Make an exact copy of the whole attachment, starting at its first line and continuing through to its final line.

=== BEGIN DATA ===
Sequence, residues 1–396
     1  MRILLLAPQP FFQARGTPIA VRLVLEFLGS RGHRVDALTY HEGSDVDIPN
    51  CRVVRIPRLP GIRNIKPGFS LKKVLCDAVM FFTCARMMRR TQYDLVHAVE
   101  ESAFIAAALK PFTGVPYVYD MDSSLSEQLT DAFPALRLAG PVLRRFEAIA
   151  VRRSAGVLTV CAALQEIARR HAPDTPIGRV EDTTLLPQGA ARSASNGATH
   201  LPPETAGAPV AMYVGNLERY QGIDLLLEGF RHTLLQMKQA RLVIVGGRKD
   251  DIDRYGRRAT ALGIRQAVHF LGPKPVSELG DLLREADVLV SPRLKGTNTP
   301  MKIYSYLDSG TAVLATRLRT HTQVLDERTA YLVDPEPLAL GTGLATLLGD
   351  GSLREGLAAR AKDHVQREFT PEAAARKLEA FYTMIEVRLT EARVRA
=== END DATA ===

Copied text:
Sequence, residues 1–396
     1  MRILLLAPQP FFQARGTPIA VRLVLEFLGS RGHRVDALTY HEGSDVDIPN
    51  CRVVRIPRLP GIRNIKPGFS LKKVLCDAVM FFTCARMMRR TQYDLVHAVE
   101  ESAFIAAALK PFTGVPYVYD MDSSLSEQLT DAFPALRLAG PVLRRFEAIA
   151  VRRSAGVLTV CAALQEIARR HAPDTPIGRV EDTTLLPQGA ARSASNGATH
   201  LPPETAGAPV AMYVGNLERY QGIDLLLEGF RHTLLQMKQA RLVIVGGRKD
   251  DIDRYGRRAT ALGIRQAVHF LGPKPVSELG DLLREADVLV SPRLKGTNTP
   301  MKIYSYLDSG TAVLATRLRT HTQVLDERTA YLVDPEPLAL GTGLATLLGD
   351  GSLREGLAAR AKDHVQREFT PEAAARKLEA FYTMIEVRLT EARVRA